Agua de Valencia at Cafe de las Horas, Valencia

When to go 

Valencia, just like any other Spanish city, can get blisteringly hot. But, thanks to the siesta culture, air conditioned buildings and shady city centre, it can be comfortable to visit throughout the year. Here are my recommendations on when to visit:

  • May-June – To avoid the crowds and serious sweat pools around your armpits, try booking in May or June. The weather is still beautiful (when is it not?) but it’s the shoulder season and you could find a decent rate at accommodation.
  • March – The city is famous for its Las Falles festival, which sees the burning of pretty much anything Valencians can get their hands on in the month of March. It’s an awesome sight that I’m yet to witness yet, but I will do one day. If you want to see it too, be sure to book far in advance as prices are steep and availability is low.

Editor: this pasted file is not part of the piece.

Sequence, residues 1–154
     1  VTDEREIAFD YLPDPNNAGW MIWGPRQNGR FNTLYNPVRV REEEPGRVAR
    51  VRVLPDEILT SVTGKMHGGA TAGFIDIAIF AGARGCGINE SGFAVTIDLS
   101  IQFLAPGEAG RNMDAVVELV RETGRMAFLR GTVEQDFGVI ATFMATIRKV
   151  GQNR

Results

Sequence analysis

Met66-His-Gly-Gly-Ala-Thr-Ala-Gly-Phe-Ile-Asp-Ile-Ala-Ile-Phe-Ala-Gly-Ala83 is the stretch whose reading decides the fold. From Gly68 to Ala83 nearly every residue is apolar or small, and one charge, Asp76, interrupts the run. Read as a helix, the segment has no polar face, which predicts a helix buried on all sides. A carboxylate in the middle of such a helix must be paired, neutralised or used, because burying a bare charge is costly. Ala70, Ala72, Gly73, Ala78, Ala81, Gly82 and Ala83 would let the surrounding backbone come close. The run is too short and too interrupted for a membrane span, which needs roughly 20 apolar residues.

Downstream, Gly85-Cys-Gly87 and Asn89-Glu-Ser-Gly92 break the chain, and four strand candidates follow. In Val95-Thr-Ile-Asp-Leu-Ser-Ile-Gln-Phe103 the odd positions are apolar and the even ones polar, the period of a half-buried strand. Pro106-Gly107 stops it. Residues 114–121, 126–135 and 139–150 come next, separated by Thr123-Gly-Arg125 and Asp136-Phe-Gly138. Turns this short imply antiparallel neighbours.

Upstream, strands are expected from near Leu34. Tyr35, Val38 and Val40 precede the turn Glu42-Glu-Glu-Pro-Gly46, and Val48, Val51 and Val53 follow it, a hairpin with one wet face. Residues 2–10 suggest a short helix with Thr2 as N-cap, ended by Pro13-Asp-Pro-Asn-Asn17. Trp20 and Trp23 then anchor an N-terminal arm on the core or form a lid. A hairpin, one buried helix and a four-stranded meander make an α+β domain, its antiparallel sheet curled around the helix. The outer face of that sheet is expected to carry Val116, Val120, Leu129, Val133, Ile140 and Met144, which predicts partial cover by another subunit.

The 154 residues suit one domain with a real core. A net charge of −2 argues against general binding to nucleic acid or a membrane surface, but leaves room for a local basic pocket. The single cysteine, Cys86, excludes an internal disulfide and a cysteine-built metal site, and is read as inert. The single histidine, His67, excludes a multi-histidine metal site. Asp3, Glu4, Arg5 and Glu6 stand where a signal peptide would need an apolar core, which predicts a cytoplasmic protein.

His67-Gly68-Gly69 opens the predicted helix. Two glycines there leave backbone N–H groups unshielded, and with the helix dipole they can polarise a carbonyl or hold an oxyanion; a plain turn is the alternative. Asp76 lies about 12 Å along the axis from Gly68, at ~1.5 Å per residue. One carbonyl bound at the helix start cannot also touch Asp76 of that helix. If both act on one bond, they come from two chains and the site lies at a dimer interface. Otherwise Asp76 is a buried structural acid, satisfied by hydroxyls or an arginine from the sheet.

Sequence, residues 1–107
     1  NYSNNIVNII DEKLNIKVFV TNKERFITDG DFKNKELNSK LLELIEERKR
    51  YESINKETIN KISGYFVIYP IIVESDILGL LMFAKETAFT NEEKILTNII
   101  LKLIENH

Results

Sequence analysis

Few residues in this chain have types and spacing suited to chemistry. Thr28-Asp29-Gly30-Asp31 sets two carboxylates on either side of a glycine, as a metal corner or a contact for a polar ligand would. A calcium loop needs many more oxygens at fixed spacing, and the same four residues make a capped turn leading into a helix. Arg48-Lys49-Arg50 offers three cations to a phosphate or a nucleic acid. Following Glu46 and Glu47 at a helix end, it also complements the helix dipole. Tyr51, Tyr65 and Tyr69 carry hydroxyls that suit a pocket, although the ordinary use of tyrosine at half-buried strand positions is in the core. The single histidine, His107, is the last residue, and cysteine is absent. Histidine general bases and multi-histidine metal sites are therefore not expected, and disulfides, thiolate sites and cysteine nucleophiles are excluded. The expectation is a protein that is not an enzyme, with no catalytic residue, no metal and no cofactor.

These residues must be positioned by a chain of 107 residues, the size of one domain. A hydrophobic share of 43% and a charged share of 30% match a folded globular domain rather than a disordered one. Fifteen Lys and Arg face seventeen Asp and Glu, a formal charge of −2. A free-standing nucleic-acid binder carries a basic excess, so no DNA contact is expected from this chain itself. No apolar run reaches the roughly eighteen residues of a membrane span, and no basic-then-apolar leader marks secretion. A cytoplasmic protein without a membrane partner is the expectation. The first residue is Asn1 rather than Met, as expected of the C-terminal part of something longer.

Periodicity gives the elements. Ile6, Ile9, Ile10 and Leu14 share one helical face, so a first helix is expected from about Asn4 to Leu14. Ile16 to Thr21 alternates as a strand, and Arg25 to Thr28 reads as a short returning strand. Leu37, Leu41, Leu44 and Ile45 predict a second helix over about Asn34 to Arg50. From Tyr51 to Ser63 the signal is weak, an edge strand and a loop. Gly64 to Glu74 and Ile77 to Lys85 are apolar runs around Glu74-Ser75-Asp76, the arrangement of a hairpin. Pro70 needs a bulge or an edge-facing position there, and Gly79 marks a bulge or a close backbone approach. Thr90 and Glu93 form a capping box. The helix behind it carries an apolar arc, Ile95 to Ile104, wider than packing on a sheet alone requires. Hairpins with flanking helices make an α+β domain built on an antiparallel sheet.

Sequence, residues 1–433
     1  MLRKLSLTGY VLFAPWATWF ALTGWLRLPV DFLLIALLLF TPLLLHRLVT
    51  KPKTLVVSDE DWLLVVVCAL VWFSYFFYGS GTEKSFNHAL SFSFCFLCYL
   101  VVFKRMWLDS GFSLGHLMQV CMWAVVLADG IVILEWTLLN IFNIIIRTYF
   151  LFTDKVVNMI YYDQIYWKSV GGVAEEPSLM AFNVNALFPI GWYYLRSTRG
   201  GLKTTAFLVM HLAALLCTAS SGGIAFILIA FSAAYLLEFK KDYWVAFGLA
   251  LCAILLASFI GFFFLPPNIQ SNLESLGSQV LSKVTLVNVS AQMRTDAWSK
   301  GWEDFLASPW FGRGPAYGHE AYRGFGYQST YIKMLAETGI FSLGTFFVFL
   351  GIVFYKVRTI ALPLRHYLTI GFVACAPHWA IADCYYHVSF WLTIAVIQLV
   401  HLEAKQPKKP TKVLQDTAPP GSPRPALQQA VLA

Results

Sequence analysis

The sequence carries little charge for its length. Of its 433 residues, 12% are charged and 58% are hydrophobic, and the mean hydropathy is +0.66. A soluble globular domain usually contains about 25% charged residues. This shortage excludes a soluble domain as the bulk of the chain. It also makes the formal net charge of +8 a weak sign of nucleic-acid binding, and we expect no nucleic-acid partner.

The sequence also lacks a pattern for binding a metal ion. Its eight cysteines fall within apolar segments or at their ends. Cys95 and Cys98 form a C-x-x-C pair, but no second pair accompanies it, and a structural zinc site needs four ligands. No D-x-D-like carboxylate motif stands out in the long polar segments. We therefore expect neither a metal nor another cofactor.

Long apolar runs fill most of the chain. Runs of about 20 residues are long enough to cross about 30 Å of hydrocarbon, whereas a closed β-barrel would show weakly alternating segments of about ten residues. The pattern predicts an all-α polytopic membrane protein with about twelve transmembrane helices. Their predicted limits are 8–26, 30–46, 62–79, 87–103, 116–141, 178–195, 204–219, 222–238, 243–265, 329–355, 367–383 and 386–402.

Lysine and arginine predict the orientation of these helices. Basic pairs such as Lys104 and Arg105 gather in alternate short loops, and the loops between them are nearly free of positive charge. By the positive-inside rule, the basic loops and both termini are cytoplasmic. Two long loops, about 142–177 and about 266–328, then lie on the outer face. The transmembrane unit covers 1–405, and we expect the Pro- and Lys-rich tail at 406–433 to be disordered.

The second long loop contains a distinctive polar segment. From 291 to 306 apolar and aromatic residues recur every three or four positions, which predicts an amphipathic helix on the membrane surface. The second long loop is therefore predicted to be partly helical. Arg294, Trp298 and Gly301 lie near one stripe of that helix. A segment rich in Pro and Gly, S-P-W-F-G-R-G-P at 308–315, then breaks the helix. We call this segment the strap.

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I hope that has got you dreaming of a Valencian trip away. Of course, there’s only so much you can fit into one blog post, so if you have any questions, feel free to ask! Just pop them in the comments below and I’ll be happy to help.

Have you ever been to Valencia? What are your top tips for enjoying the city?